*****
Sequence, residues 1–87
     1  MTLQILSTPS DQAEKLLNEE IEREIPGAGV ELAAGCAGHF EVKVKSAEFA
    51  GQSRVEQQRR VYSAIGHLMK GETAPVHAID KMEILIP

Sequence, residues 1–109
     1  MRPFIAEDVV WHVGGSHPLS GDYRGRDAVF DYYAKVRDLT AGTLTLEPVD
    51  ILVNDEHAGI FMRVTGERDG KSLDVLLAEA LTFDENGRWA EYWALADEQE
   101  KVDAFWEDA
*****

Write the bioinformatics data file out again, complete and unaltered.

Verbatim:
Sequence, residues 1–87
     1  MTLQILSTPS DQAEKLLNEE IEREIPGAGV ELAAGCAGHF EVKVKSAEFA
    51  GQSRVEQQRR VYSAIGHLMK GETAPVHAID KMEILIP

Sequence, residues 1–109
     1  MRPFIAEDVV WHVGGSHPLS GDYRGRDAVF DYYAKVRDLT AGTLTLEPVD
    51  ILVNDEHAGI FMRVTGERDG KSLDVLLAEA LTFDENGRWA EYWALADEQE
   101  KVDAFWEDA